• 1930 --- Death Valley Days debuted on NBC radio, it became one of radio’s biggest hits. The 30-minute, Western-adventure series starred Tim Daniel Frawley as the Old Ranger, Harvey Hays as the Old Prospector, John White as the Lonesome Cowboy, Edwin Bruce as Bobby Keen, Robert Haag as Sheriff Mark Chase and Olyn Landick as Cassandra Drinkwater. The tales heard on Death Valley Days were all based on fact and were human interest stories revolving around the borax mining town of Death Valley, California.
  • 1935 --- The Adventures of Dick Tracy came to radio for the first time on the Mutual Radio Network. Based on the comic strip created by Chester Gould, the 15-minute adventure show was heard Monday thru Friday at 5:45 p.m. The sponsors were Quaker Puffed Wheat and Quaker Puffed Rice.
  • 1935 --- “Summertime ... and the livin’ is easy.” Porgy and Bess was presented for the first time -- at the Colonial Theatre in Boston. It

    was a flop! (It was revived in 1942. It wasn’t a flop that time. It ran longer than any revival in the history of U.S. musical theater.)

  • 1938 --- The Munich Conference ended with a decision to appease Adolf Hitler. Britain, and France allowed Czechoslovakia's Sudetenland to be annexed by the Nazis.
  • 1939 --- "Captain Midnight" was heard for the first time on the Mutual Radio Network.
  • 1946 --- An international military tribunal in Nuremberg, Germany, found 22 top Nazi leaders guilty of war crimes.
  • 1947 --- The World Series came to television for the first time. The New York Yankees beat the Brooklyn Dodgers 5-3. The Gillette Safety Razor Company and Ford Motor Company were the sponsors. Together, they paid $65,000 for coverage of the entire series! Announcers: Bob Edge , Bob Stanton and Bill Slater.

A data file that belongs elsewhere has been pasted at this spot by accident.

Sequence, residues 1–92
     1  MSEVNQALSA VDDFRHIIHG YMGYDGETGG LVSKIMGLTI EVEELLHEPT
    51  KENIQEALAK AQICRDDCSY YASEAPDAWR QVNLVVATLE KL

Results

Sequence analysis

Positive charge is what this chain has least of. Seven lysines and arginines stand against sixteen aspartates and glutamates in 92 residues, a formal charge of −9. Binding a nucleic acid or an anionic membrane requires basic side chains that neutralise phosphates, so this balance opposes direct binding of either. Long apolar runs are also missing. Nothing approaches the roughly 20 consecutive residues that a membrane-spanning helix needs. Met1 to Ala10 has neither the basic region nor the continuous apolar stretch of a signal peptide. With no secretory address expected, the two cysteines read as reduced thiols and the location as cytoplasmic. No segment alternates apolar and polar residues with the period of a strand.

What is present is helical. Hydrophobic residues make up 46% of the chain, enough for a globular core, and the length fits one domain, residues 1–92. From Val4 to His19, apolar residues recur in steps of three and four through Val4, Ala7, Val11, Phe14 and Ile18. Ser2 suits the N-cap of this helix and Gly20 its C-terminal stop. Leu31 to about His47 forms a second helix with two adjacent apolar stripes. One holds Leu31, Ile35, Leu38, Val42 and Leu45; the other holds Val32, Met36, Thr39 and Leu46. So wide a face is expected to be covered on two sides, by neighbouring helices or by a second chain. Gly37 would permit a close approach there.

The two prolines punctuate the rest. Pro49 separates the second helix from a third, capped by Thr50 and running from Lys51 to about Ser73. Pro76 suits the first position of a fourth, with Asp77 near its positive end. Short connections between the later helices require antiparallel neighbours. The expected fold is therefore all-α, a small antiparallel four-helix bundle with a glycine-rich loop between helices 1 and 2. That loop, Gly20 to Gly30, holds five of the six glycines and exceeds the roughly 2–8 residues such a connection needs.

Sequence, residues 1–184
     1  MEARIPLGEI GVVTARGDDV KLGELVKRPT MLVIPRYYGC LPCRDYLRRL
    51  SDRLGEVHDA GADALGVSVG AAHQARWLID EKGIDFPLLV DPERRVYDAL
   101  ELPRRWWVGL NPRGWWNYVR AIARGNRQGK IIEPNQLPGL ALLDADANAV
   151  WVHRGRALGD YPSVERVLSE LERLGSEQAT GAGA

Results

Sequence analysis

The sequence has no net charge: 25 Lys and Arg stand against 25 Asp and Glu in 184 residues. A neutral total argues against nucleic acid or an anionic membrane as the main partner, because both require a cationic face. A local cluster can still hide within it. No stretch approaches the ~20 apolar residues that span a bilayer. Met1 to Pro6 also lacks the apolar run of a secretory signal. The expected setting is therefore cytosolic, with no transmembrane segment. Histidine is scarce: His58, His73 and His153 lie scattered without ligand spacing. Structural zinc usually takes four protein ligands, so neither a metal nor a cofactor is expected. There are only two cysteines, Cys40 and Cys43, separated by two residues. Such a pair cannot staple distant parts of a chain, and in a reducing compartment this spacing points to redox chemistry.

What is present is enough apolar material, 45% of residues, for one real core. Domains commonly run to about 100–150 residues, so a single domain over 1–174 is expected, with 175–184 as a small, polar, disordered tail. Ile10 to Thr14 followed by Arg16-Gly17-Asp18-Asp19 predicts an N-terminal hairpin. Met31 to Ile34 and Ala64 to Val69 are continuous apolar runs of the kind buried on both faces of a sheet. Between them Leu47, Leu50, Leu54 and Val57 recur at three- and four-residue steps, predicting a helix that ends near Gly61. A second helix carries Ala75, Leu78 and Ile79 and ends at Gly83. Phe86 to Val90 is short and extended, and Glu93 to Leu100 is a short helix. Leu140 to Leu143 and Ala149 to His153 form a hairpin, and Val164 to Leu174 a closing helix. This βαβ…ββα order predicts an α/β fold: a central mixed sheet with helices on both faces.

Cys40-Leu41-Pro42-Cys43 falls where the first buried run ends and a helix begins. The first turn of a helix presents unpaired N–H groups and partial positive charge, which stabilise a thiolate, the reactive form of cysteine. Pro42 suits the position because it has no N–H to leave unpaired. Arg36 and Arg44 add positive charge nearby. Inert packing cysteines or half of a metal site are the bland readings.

• 1951 --- The Red Skelton Show debuted on NBC-TV (almost 10 years to the day after Red made his radio debut). America’s ‘Clown Prince of Comedy’ was a hit for years on radio and an even bigger

    one on TV with characters like The Mean Wittle Kid (“I dood it!”), Clem Kadiddlehopper, Sheriff Deadeye, Cauliflower McPugg, Willie Lump-Lump, San Fernando Red, Bolivar Shagnasty and Freddie the Freeloader. Later, he would move to CBS-TV. Overall, The Red Skelton Show remained a fixture on U.S. television for 20 years.

  • 1955 --- James Dean, the brooding film actor who won acclaim in Giant, East of Eden and Rebel Without a Cause, died from injuries

    suffered in a car crash at the intersection of routes 46 and 41, near Cholame, CA, a tiny farm town. Dean, who lived the life of James Stark (his character in Rebel Without a Cause), was killed when his Porsche Spyder ran into another car, head-on at 75 miles an hour.